If asked most hunters would say Poaching is “to kill any animal when you had no right to”.
The common sense definition of poaching makes sense, unfortunately the Utah Code is not so cut and dry. Utah criminal law has variying degrees of mens rea or mental levels of culpability that can lead to a criminal conviction. They are as follows: 1) intentionally, 2) knowingly, 3) recklessly, and 4) negligently. See (Utah Code § 76-2-101(1)(b)(i) ).
People generally tend to think that if they did not intend for something to happen, or did not mean for a specific result to occur, then they should not be found guilty. However, do not be fooled, Utah law, is not written in such a way.
Under the Wildlife Resources Code of Utah § 23-20-3 states, in part, that:
(1) Except as provided in this title or a rule, proclamation, or order of the Wildlife Board, a person may not:
(a) take protected wildlife or its parts;
(b) collect, import, possess, transport, propagate, store, donate, transfer, or export protected wildlife or its parts;
(c) take, possess, sell, purchase, barter, donate, or trade protected wildlife or its parts without having previously procured the necessary licenses, permits, tags, stamps, certificates of registration, authorizations, and receipts required in this title or a rule, proclamation, or order of the Wildlife Board;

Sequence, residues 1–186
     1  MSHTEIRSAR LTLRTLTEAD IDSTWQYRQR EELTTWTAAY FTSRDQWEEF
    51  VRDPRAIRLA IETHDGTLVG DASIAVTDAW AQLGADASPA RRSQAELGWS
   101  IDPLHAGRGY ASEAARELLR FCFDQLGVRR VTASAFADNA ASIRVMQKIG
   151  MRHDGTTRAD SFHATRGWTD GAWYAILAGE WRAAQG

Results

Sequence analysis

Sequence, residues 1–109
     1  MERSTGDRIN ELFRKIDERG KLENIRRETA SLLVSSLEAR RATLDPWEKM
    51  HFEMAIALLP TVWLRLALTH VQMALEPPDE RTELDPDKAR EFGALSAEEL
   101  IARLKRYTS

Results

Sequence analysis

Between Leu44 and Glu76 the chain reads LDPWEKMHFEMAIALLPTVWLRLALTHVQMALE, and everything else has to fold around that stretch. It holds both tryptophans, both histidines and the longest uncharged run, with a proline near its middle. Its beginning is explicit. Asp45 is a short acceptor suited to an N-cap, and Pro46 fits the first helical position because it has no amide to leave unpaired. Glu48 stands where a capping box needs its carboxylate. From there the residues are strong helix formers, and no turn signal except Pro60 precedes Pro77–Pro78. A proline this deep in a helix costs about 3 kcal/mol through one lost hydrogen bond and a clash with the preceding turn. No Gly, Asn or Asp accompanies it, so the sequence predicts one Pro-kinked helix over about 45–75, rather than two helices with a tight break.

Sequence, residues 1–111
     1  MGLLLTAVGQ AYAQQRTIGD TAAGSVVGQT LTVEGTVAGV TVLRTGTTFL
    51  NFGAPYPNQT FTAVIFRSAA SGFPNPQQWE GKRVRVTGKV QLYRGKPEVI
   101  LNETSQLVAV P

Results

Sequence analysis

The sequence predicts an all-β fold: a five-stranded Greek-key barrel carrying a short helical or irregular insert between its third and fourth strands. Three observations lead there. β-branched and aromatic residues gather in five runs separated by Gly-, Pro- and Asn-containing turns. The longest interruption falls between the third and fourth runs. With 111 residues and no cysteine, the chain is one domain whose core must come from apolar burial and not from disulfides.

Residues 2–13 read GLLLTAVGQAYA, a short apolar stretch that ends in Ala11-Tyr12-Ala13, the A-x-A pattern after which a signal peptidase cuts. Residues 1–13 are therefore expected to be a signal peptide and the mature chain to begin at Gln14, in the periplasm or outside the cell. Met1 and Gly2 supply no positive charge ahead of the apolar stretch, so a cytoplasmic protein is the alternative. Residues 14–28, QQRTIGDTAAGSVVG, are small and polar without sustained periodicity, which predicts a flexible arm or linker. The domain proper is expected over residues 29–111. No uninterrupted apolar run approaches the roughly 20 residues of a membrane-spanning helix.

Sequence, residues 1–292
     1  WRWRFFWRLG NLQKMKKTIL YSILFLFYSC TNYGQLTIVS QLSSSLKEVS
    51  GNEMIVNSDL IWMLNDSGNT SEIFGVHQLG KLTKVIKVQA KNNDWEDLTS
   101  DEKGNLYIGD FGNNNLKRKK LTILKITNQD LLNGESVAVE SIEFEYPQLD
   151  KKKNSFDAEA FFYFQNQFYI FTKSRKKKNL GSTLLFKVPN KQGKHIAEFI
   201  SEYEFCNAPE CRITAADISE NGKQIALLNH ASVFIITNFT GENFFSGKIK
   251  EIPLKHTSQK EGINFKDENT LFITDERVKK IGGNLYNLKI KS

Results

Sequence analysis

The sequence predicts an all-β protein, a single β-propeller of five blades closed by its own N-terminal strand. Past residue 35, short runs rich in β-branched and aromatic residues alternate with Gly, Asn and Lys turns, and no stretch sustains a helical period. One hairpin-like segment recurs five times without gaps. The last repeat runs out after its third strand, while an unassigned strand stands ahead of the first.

(d) take protected wildlife with any weapon, ammunition, implement, tool, device, or any part of any of these not specifically authorized in this title or a rule, proclamation, or order of the Wildlife Board;
This statute is basically a catch all, and allows for prosecution even when a Utah hunter did not intentionally break the law. An individual can even be prosecuted under this section if they made an honest mistake as to their location (thinking they were on a different tract of land).
The statute is allowed to catch ‘honest mistakes’ because of paragraph (3)(b). The paragraph says: “does so with criminal negligence as defined in Subsection 76-2-103(4). § 76-2-103(4) says:
“With criminal negligence or is criminally negligent with respect to circumstances surrounding his conduct or the result of his conduct when he ought to be aware of a substantial and unjustifiable risk that the circumstances exist or the result will occur. The risk must be of a nature and degree that the failure to perceive it constitutes a gross deviation from the standard of care that an ordinary person would exercise in all the circumstances as viewed from the actor’s standpoint.”
A hunting example of criminal negligence would be if a hunter, who has a Utah hunting license, thought he was on land he could shoot the animal and was actually 5 feet off the land. Even though the hunter did not intend to take an animal illegally (poach), and had a license, he could be prosecuted under § 23-20-3.
Hunters, be careful. Know your location before you pull the trigger. Because, even though you have a license, and do not have the intent to take an animal unlawfully “It was an honest mistake”. You could still be prosecuted for an honest mistake, or in the eyes of Utah law, criminal negligence.
Source: Utah State Legislature, “Title 23 Utah Criminal Code Chapter 20 Section 3,” accessed on Sept. 19, 2014